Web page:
By Tim Munro
When I reach Roger Kaza, SLSO Principal Horn, he is sheltering in his Ozarks home. Surrounded by mountains and forests, he has taken this opportunity to spend more time in nature.
In a video taken during his retreat, Roger plays the horn part of Franz Schubert’s song Auf dem Strom (“On the River”) while kayaking down an Ozarks creek. In Schubert’s song, the protagonist takes a journey from a place of joy to a place of uncertainty, a place of fear.
Roger, like many of us, feels a sense of uncertainty in this time of quarantine. “It’s kind of a limbo. There’s something about this quarantine being unchosen or unwilled that makes it feel onerous,” he says. “Mentally, you’re not sure how to plan for the next few months.”
In ordinary times, the musicians of the SLSO find a weekly rhythm. “Working up the excitement and the physical and mental energy for a concert,” Roger says, “then putting that behind you.” It is the way he has operated for decades. “When it suddenly stops, it’s very strange.”
Roger feel a drag in motivation. “I’m involved in this global event,” he says. “And, riding that wave, it feels a little odd to practice.” All musicians need to stay limber, but the stakes for brass players are higher.
“Maintaining the muscular strength in your face and your lungs and your chops is so important,” he says. “If it starts getting too flabby or out of shape, it can be a long hill to climb back.” Roger manages to keep a regimen of one hour each day, which keeps him in shape while still allowing him to find balance during this strange time.
There is a small upside. “Tension can creep into your playing when you are performing concerts week after week.” Roger has noticed that during this quarantine his playing is freer, more relaxed. Even the placement of his mouthpiece on his face has shifted.
Speaking with Roger, even over a Zoom connection, I notice how his voice is even and calm, how his speech is full of thoughtful pauses. Talking to him, I feel my pulse slow, my breathing relax.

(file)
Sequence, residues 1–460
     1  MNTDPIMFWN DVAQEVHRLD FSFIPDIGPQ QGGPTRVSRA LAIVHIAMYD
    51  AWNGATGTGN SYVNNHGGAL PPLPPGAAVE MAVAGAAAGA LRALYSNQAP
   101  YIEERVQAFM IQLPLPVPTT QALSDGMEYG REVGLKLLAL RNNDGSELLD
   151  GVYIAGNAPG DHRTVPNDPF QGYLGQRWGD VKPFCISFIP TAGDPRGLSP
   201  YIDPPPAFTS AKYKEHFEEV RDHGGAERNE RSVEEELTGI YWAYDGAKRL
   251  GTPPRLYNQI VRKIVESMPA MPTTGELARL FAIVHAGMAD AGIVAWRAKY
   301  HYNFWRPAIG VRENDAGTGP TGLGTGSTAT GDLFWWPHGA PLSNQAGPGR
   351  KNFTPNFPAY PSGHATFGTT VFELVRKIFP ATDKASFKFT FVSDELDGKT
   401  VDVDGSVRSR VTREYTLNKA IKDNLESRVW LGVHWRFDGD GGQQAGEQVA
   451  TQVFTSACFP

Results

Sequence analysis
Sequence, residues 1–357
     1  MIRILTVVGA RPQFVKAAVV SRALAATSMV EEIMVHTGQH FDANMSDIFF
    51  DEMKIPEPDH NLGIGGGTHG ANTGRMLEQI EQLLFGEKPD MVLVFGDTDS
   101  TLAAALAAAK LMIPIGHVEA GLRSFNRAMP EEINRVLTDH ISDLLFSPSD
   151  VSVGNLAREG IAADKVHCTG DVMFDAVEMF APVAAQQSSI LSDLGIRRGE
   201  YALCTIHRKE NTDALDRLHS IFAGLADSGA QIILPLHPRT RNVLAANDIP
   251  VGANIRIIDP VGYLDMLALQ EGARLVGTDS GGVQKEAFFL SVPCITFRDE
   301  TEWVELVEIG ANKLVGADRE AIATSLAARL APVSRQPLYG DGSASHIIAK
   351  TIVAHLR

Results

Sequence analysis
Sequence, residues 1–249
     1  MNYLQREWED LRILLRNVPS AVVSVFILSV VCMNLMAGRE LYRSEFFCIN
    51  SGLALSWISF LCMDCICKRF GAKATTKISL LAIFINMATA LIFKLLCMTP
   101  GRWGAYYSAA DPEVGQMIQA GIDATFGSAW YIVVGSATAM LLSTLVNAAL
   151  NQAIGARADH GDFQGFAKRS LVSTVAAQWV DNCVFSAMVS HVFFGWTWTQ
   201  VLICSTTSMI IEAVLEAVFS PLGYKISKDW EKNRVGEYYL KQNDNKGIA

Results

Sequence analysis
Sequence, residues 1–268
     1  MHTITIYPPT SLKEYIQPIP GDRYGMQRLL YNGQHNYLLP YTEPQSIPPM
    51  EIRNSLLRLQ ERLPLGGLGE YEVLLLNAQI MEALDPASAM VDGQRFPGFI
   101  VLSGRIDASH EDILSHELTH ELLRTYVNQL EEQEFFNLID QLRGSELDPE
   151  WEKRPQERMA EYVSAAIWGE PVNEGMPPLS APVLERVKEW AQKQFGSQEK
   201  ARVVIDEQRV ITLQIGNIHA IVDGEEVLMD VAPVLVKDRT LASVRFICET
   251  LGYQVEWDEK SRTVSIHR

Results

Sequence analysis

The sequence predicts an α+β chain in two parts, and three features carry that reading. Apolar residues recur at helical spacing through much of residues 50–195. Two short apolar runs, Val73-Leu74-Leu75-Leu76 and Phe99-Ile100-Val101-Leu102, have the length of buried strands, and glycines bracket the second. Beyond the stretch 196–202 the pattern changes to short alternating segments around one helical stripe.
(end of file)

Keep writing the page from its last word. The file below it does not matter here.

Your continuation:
Roger retains a sense of calm by avoiding the news blizzard. “It’s just this endless well of information. There’s so much tragedy and sadness. Everybody has to find their safe space,” he says, pointing for example to a unifying Facebook group set up by SLSO musicians.
Roger misses the social aspect of his job. “This orchestra is a surprisingly social one,” he says, attributing its special atmosphere to small backstage quarters and to a lounge where players can congregate.
He also misses “the sound of that energy right around you—people putting their heart and soul into music.” And the SLSO’s weekly journey: “sounding pretty good at first, then getting better and better, then the ‘no stopping’ commitment of the performances.”
Having been swept into “the grey, angry sea,” the protagonist in Schubert’s “Auf dem Strom” looks up to the “gentle radiance” of the stars for hope, “there in the sacred distance.”
For now, Roger says, “instead of being an orchestra, we are just individuals.” But he can look towards the moment when all can gather, “when we will become an orchestra again.”
Tim Munro is the St. Louis Symphony Orchestra’s Creative Partner. A writer, broadcaster, and Grammy-winning flutist, he lives in Chicago with his wife, son, and badly-behaved orange cat.